Sprite season - spectacular, eerie flashes of colored lights that appear high above the tops of powerful thunderstorms - is underway, SpaceWeather reports. Because sprites are associated with thunderstorms, they tend to occur in late spring and summer.
"Sprites are a true space weather phenomenon," explains lightning scientist Oscar van der Velde of the Technical University of Catalonia, Spain. "They develop in mid-air around 80 km altitude, growing in both directions, first down, then up. This happens when a fierce lightning bolt draws lots of charge from a cloud near Earth's surface. Electric fields [shoot] to the top of Earth's atmosphere - and the result is a sprite. The entire process takes about 20 milliseconds."
Sprites, so-named by a University of Alaska scientist inspired by the creatures in Shakespeare's "The Tempest," have been observed since the 1800s, though rarely visible from the ground. Aircraft pilots began reporting sightings of sprites in the 1950s and '60s, but they were not formally identified until 1989 when the Space Shuttle (STS-34) recorded the flashes as it passed over a thunderstorm in northern Australia, NASA explains.
Sprites and other phenomena, including elves - that bring a millisecond flash of light that fills the entire night sky within a 100 kilometer (62 miles) radius of the associated lightning strike - are generating much interest because of their strong electric fields and electromagnetic pulses that may interact with the Earth's ionosphere and magnetosphere.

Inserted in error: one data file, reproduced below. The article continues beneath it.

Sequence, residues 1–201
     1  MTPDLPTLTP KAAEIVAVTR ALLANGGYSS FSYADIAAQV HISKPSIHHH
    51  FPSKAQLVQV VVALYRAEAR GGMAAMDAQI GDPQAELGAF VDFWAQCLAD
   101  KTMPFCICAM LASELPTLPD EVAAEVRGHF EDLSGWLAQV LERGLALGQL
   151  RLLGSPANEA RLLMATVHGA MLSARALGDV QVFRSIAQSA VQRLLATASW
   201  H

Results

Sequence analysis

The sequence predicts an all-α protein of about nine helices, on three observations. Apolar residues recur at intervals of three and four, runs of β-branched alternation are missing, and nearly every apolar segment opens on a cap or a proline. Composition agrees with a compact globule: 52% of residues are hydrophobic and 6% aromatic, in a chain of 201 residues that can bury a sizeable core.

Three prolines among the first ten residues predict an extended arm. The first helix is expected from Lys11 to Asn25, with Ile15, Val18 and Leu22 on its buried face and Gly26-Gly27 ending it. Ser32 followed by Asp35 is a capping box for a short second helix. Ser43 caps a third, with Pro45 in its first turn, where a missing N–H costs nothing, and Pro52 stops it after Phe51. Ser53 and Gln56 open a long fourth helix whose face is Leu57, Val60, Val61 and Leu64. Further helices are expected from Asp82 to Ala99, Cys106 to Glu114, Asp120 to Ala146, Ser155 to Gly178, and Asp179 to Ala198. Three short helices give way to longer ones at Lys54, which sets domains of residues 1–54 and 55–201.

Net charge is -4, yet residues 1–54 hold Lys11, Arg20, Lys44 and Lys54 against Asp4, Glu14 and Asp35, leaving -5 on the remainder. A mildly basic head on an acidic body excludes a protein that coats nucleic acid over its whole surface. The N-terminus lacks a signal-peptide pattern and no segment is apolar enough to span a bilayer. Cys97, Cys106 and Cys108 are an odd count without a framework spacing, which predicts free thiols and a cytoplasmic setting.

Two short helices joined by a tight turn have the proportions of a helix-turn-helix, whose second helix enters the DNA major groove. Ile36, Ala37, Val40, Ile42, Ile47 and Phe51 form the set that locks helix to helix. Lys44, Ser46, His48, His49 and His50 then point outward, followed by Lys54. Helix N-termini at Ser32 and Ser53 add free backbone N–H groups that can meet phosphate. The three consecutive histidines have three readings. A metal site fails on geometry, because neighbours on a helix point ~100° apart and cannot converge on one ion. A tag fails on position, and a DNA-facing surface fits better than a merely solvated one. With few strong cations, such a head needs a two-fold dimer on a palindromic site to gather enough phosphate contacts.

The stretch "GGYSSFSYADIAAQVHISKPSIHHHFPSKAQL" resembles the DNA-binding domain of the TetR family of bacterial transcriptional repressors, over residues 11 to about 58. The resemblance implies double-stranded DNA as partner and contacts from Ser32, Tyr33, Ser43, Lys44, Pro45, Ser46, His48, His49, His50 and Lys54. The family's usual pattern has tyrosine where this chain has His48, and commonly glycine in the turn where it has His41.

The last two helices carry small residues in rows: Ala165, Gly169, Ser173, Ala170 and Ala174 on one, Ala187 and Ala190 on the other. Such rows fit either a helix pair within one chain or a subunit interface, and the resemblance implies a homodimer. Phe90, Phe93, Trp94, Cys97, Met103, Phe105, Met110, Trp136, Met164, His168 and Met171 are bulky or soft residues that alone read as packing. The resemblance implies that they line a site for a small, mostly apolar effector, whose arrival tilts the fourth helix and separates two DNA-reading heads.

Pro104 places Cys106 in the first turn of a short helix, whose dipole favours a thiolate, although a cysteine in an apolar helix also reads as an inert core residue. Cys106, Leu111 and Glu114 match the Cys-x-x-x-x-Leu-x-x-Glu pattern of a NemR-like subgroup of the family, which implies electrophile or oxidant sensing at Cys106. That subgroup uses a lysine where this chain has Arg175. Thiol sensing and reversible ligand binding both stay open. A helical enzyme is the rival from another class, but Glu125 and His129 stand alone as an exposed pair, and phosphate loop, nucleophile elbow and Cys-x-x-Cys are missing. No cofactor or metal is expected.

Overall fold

A group of scientists, along with help from Japan's NHK television, sought sprites regularly for two weeks in the summer of 2011 and captured it on film. Video credit: NHK.
Sprite lightning in slow motion
Video credit: H. H. C. Stenbaek-Nielsen (U. Alaska, Fairbanks), DARPA, NSF.
Some studies has shown that some lightning strikes might be associated with terrestrial gamma-ray flashes (TGFs), intense explosions of gamma rays lasting only about one millisecond that are emitted into space from the upper atmosphere. Scientists believe electrons traveling at nearly the speed of light scatter off atoms and decelerate just above thunderclouds, emitting TGFs.
Martin Popek photographed these specimens over Nydek, Czech Republic, on May 13, 2015:
Taken by Martin Popek on May 13, 2015 @ Nydek, Czech Republic (via SpaceWeather)
One night later, May 14, near Santa Fe, New Mexico, "I captured my first sprites of the season," reports photographer Jan Curtis. "The thunderstorm that produced them was about 200 miles [320 km] to my south-southwest."
Taken by Jan Curtis on May 14, 2015 @ 11 Miles S of Santa Fe, NM (via SpaceWeather)
Featured image: Sprites over Nydek, Czech Republic. Author: Martin Popek on May 13, 2015.